Meredith Vieira, who returned to NBC’s The Today Show to co-host the second week of 2017, is married to former journalist Richard M. Cohen. The two have been married since 1986 and have three children.
The 68-year-old Cohen is an Emmy-winning journalist who worked for CBS News and CNN. However, his greatest achievement is overcoming colon cancer twice. He is also legally blind and was diagnosed with multiple sclerosis when he was 25. Today, Cohen writes a blog called Journeyman.
Here is a look at Cohen’s life and career.
1. Cohen Kept His MS Diagnosis a Secret to Get a Job at CBS News & Told Vieira About His Condition on Their Second Date
Cohen shared his life story in the 2005 book Blindsided: Lifting a Life Above Illness: A Reluctant Memoir. The book was a New York Times bestseller and is still in print.
While promoting the book, Cohen told ABC News that his father told him that he and his grandmother both had multiple sclerosis. At age 25, Cohen was diagnosed with the neurological disease himself while working as a news researcher. He said he kept the diagnosis to himself because he thought it would hurt his chances to get a job. He was hired by CBS News, but didn’t tell his bosses about it right away.
“I lied to get the job,” Cohen told ABC News. “I faked my way through the company physical … I was scared to death because by now I was somewhat blind in both eyes.”
Cohen told ABC News that most women would not continue dating him after he told them about his condition, even though it was barely noticeable. Vieira did not go running though, when he told her during their second date.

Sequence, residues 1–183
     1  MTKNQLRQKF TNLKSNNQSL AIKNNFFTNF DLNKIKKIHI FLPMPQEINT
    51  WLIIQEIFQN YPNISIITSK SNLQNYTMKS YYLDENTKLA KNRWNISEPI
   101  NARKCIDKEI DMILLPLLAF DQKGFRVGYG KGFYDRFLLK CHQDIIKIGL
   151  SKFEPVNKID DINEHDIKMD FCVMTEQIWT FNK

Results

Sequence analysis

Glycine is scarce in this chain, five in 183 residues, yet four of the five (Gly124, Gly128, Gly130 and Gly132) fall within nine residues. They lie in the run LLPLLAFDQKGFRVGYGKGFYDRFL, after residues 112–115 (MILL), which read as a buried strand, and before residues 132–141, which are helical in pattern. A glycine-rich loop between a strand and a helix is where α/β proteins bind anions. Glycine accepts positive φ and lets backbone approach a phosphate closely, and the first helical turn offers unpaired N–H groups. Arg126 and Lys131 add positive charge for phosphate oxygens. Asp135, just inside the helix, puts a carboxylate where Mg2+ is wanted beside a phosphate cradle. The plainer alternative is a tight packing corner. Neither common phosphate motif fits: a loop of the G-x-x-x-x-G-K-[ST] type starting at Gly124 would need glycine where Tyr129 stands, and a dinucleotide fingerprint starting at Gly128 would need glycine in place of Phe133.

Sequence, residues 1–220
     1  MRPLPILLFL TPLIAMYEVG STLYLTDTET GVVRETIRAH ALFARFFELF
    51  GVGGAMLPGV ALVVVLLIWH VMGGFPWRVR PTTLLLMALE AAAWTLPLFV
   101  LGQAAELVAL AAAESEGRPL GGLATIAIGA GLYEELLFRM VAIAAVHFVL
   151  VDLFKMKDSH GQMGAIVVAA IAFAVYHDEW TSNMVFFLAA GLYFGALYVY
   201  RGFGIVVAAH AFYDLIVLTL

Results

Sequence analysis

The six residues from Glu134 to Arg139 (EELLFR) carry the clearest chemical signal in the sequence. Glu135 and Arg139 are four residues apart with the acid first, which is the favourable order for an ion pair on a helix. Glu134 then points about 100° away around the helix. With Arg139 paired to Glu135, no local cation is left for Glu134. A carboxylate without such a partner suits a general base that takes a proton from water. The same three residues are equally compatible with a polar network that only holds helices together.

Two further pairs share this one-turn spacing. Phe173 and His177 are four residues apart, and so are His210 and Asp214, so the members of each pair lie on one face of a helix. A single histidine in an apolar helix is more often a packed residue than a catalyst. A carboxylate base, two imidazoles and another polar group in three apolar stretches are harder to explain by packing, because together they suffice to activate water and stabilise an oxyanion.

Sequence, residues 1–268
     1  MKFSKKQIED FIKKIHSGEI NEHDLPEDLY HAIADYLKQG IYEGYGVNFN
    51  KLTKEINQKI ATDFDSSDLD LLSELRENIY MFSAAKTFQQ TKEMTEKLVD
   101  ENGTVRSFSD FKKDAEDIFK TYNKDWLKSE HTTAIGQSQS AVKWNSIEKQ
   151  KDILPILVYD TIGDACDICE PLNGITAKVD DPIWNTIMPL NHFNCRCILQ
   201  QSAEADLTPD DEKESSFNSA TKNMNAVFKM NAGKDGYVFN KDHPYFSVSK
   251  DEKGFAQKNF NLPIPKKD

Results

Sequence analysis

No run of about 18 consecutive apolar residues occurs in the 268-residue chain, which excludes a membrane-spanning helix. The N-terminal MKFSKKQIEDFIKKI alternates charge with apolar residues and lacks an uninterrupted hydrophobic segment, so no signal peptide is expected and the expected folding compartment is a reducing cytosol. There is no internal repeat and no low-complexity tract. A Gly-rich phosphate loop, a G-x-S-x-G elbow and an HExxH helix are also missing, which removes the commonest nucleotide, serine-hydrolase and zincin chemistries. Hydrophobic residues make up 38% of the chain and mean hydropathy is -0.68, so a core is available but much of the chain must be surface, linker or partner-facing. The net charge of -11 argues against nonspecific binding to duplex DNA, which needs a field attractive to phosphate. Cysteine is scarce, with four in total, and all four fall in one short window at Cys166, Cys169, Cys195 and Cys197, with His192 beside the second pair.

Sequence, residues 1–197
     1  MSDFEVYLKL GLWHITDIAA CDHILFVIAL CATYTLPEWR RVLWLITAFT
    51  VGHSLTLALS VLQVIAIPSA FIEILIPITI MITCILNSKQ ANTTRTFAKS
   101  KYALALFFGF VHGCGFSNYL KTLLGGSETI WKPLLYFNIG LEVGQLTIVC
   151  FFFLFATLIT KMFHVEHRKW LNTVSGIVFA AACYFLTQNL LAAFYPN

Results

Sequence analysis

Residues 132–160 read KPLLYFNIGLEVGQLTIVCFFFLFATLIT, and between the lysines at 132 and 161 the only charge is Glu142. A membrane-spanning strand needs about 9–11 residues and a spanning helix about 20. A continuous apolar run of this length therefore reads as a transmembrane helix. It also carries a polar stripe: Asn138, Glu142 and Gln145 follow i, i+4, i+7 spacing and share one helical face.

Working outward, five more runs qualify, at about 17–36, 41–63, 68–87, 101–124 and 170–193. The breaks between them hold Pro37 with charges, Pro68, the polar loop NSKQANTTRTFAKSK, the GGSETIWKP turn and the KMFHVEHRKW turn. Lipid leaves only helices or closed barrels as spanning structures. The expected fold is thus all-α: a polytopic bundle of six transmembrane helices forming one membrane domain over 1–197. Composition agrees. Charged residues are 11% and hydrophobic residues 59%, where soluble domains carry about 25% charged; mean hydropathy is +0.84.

“He asked me ‘What does MS mean to you?” Vieira told ABC News. “And I said ‘It’s a magazine. MS magazine.’ The worst that I thought was that he could lose his sight. And I was OK with that.”
2. Vieira & Cohen Didn’t Tell Their Three Children About Their Father’s MS Until After They Saw Him Fall
Vieira and Cohen are parents to Ben, Gabriel and Lily. They didn’t tell them about their father’s condition until Ben was 7, Gabriel was 5 and Lily was 3. According to an AARP profile, the three of them saw their father fall backwards down a staircase and land on his head.
“I realized kids are intuitive; they are sensitive,” Vieira told AARP. She added of Ben, “He didn’t know what it was, but he knew something wasn’t right.”
As the children grew up, they openly talked about MS in the house, but they focused on normal activities more often. Lily called her childhood “completely normal,” telling AARP that MS “definitely affects everybody in the family; it affects what you are able to do, how quickly you can do something… But everybody has something in their family that’s unique.”
In recent years, MS has taken its toll on Cohen’s health. He is now legally blind and his right hand is too weak to even carry an old book. He uses a cane and has trouble walking for more than a city block. His voice also has a “scratchy warble to it,” as AARP described.
Of course, this doesn’t stop him from writing. He frequently posts on his blog, with his most recent post coming on January 3, 2017.
3. Cohen Also Battled Colon Cancer Twice, First in 1999 and Again in 2000
Cohen not only lives with MS, but is also a cancer survivor… Make that two-time cancer survivor. Both of these bouts required invasive surgery. After his battles with cancer, he wrote Blindsided.
In a WebMD column, Cohen wrote that the second bout with cancer was “the low point in my life.” Cohen wrote: